- Locking Back – The BCG should lock to the rear on an empty mag after firing the last round. If the rifle is cycling fine, but goes back into battery after ejecting the last round rather than locking to the rear, this is also usually a sign of a short stroke. The BCG makes it back far enough to strip rounds from the magazine, but not far enough to lock open. If your BCG is locking back after the last round, you should still check to see that the bolt itself is engaged with the bolt catch. When a rifle is just barely under gassed, it is not uncommon to see the bolt catch engage with the front of the carrier rather than the bolt. The BCG didn’t quite make it back far enough for the bolt catch to block the bolt, but it will catch on the front of the carrier. An easy way to tell is to look at the bolt when the BCG is locked open. If the bolt itself is protruding out over the magazine a little bit, the catch caught the carrier and it needs just a touch more gas.
- Brass Ejection Pattern – The ejection pattern of brass is not a perfect way to determine if or by how much an AR is over or under gassed. Other factors such as the buffer system, ejector, extractor etc can come into play. However, let’s assume that all other things are normal because ejection patterns can be a very useful tool, especially for fine tuning your gun. If you’ve gone through the above bullet points and your rifle is cycling and locking back properly, then look at where your brass is landing. If your brass is landing somewhere near 4 o’clock, you probably have a perfectly tuned rifle. If your brass is landing at 2 o’clock (forward a little bit), then you are probably still a little bit over gassed.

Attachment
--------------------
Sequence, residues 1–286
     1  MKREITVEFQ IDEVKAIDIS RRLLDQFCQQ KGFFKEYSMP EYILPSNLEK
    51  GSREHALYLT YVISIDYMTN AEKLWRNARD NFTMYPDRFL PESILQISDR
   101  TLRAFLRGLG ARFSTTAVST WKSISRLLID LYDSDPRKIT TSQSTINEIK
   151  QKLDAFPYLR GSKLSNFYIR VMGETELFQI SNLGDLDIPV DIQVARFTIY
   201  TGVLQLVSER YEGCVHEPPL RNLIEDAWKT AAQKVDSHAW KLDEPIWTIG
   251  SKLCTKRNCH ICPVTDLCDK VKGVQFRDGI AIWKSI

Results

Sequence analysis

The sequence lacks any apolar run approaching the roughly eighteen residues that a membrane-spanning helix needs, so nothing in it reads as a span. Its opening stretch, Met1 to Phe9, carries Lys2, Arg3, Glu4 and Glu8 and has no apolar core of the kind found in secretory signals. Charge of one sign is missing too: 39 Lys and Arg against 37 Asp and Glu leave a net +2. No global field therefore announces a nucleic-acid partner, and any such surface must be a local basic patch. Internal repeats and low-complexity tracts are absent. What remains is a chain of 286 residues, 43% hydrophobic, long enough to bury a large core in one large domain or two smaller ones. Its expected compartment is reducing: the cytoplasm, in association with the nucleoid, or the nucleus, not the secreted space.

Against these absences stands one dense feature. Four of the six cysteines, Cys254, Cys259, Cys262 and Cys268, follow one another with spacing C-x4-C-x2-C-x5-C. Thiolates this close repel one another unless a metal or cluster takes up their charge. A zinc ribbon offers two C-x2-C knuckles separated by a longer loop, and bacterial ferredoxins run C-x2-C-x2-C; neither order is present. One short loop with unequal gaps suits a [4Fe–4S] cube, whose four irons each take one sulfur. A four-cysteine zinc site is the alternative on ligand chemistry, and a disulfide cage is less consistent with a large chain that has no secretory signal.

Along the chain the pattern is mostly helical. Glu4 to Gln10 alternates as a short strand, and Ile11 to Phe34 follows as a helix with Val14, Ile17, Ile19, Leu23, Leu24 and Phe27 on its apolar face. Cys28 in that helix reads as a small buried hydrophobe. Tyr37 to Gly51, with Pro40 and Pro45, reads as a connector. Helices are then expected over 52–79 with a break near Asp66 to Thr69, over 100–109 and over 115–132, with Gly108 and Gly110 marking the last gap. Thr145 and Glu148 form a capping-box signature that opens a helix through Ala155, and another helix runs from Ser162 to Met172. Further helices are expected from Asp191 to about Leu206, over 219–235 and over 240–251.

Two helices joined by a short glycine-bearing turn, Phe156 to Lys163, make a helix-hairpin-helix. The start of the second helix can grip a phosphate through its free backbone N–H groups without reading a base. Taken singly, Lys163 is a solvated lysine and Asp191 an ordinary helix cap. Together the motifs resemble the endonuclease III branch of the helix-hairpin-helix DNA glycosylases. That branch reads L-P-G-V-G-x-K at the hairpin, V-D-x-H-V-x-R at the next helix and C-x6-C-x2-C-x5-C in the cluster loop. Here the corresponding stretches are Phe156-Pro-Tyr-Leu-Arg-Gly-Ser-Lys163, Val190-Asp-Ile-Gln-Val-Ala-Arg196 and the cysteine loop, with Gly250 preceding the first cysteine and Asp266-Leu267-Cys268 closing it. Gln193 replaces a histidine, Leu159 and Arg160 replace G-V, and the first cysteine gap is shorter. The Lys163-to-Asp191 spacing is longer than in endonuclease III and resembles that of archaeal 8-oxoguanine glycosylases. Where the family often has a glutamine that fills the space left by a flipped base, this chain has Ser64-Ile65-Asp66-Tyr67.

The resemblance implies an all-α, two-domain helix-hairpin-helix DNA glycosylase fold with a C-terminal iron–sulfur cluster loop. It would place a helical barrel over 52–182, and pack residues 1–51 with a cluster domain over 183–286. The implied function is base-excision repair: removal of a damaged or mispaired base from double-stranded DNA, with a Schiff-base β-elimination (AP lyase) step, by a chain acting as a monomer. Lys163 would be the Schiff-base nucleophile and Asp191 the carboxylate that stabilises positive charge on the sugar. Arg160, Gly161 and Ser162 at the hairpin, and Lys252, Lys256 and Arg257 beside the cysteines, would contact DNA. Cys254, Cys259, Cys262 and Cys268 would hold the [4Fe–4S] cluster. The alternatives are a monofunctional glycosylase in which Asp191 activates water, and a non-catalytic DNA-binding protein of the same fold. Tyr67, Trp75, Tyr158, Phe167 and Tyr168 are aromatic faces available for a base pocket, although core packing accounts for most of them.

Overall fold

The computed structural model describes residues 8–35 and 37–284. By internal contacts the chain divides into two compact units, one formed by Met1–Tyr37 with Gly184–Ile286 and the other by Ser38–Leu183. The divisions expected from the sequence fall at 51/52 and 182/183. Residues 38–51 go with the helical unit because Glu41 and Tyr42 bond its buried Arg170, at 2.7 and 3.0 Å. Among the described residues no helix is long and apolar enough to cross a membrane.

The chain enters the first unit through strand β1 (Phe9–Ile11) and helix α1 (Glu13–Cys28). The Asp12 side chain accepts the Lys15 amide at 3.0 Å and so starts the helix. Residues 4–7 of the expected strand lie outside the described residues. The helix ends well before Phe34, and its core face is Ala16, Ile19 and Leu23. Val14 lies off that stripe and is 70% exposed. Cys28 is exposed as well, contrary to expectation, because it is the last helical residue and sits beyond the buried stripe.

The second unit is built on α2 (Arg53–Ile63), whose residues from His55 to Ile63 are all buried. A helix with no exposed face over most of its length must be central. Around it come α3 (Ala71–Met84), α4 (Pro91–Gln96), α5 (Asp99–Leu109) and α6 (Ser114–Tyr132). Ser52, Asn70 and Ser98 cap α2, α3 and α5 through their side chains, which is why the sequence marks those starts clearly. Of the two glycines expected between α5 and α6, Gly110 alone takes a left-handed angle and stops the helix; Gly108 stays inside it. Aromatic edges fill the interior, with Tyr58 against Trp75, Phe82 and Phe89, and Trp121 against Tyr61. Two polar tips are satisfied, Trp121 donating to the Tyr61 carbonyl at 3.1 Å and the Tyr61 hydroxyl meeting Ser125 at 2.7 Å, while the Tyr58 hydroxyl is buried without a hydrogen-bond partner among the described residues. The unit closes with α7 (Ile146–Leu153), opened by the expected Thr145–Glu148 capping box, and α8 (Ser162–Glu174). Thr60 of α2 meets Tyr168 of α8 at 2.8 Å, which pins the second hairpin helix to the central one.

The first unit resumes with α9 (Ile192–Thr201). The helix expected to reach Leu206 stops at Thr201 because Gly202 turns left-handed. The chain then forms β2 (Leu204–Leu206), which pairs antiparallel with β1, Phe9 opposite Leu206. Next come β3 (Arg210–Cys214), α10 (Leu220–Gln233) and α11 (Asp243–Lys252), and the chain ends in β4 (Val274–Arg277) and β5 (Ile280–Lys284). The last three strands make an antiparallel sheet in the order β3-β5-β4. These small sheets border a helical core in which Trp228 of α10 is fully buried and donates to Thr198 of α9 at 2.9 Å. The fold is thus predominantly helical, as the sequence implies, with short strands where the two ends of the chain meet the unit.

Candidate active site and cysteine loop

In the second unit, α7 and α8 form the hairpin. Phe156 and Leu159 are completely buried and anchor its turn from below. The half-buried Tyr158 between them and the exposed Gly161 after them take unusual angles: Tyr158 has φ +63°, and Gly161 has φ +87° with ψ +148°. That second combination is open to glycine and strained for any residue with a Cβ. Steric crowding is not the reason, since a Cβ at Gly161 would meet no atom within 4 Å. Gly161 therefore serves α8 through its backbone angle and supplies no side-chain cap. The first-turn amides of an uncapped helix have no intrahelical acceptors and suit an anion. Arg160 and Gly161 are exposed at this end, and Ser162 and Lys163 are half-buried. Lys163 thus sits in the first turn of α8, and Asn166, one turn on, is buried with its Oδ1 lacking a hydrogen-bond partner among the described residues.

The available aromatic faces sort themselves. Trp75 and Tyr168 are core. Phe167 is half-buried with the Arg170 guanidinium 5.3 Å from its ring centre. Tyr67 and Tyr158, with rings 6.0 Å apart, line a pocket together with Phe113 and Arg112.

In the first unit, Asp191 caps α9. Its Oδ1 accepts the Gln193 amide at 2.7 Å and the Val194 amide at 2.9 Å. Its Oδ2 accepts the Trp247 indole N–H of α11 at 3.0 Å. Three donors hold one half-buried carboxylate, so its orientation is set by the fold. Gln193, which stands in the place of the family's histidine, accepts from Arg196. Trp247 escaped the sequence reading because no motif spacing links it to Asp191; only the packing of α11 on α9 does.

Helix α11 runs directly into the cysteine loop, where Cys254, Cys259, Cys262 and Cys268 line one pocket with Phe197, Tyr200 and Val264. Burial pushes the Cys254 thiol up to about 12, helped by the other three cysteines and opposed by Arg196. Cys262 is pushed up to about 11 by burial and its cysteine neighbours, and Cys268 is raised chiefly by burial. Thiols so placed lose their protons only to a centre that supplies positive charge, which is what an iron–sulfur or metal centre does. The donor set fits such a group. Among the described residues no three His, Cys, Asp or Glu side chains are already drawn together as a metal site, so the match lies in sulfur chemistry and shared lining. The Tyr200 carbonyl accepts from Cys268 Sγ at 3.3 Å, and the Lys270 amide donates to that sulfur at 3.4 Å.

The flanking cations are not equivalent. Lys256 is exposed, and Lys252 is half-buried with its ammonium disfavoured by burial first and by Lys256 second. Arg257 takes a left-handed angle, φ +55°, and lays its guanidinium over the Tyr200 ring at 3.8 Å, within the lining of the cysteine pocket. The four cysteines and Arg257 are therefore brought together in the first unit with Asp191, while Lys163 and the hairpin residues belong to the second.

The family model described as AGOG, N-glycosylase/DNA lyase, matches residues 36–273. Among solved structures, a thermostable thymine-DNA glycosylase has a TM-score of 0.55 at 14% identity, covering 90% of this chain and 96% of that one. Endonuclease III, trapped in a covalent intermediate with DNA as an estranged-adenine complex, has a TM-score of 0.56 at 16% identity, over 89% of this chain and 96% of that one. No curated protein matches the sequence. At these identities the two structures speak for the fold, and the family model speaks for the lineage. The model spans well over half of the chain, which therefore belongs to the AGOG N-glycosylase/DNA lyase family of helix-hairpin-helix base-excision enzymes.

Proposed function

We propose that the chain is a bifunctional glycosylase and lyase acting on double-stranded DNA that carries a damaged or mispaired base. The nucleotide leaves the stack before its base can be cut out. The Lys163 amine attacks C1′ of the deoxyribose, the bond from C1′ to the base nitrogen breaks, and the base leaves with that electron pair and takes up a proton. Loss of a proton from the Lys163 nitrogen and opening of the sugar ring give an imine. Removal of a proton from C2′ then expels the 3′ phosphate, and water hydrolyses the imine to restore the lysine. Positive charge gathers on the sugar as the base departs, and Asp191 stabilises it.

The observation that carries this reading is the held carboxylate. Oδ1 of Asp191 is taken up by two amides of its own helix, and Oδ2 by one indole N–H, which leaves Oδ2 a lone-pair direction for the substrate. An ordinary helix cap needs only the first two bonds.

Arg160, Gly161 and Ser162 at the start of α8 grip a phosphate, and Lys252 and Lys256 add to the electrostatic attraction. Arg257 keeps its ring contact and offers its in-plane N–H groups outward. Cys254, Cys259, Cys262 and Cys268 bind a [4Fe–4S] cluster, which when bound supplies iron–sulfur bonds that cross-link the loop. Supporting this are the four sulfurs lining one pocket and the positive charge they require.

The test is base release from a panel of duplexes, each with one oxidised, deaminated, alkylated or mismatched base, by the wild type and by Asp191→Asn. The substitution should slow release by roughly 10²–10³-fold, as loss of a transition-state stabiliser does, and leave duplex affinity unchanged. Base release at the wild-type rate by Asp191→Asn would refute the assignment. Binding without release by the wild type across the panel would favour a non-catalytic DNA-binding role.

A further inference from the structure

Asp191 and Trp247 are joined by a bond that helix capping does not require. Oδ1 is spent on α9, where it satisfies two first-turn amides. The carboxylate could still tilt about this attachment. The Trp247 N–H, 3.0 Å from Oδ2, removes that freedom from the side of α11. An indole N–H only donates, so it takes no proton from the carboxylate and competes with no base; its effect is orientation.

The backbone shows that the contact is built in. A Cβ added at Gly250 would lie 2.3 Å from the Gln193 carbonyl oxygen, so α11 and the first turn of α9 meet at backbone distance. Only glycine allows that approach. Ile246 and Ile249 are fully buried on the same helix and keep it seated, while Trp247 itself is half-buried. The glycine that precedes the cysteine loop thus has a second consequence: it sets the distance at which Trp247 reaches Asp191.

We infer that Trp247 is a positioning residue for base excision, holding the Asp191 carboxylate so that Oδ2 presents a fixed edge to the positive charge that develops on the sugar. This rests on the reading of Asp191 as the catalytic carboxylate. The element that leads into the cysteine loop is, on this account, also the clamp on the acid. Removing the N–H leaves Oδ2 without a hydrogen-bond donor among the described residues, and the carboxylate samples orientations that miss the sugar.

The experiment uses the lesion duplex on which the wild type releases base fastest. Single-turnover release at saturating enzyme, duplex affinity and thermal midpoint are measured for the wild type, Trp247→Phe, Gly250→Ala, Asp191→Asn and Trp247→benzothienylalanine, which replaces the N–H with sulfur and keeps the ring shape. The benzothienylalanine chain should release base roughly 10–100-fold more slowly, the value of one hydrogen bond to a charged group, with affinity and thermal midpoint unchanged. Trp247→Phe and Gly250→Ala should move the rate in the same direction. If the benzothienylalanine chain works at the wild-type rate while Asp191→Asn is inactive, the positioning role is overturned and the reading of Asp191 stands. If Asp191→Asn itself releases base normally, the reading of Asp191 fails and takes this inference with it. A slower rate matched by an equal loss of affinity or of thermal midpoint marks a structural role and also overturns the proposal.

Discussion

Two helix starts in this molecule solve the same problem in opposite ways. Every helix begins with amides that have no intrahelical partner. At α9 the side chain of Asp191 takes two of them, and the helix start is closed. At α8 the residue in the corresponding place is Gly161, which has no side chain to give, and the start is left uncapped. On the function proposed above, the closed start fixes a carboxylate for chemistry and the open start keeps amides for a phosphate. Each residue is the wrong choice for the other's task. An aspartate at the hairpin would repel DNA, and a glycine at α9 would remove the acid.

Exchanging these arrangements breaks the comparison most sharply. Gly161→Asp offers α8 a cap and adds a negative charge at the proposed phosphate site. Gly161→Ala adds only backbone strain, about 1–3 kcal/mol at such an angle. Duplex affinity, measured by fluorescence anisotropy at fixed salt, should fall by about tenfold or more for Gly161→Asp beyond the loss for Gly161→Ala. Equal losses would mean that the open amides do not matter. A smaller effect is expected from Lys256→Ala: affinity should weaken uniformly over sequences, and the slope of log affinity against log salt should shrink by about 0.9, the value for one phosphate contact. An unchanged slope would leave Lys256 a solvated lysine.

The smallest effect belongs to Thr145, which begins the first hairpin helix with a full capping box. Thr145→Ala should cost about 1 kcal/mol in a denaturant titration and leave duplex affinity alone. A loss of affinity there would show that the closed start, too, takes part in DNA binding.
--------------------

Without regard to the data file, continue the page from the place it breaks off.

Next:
*Something else that can cause this exact same malfunction is an extractor hanging on to the spent brass longer than it should. Three reasons this might occur: 1. The extractor has too much tension on it. 2. The extractor is digging into the brass excessively possibly due to it being too sharp or pointy. 3. Overly soft brass. In any case, even a properly gassed gun can present as one that is over gassed if there’s a problem with the extractor letting go of the brass.
**In cases of extreme over gassing or a rifle running way too fast for the magazine, the bolt may move all the way back extracting and ejecting the spent case and then begin moving forward before the next round is lifted into place. What looks like a short stroke can actually be a bad magazine or an over gassed gun.
***Things other than insufficient gas can cause a BCG to not travel all the way to the rear (short stroke). For example, some aftermarket bolt catches make contact with some aftermarket uppers and don’t fully disengage. Since the bolt catch is partially engaged, it is rubbing on the BCG when cycling thus wasting some of the energy and causing it to short stroke. Another example is that of a magazine being held slightly too high in the lower. Whether do to the lower’s magazine catch area being milled slightly too high or the magazine being bad, the result is the same. Extra pressure on the bottom of the carrier while cycling wastes energy. A buffer spring that is too stiff or ammo that is too light can give you the same result: A short stroke.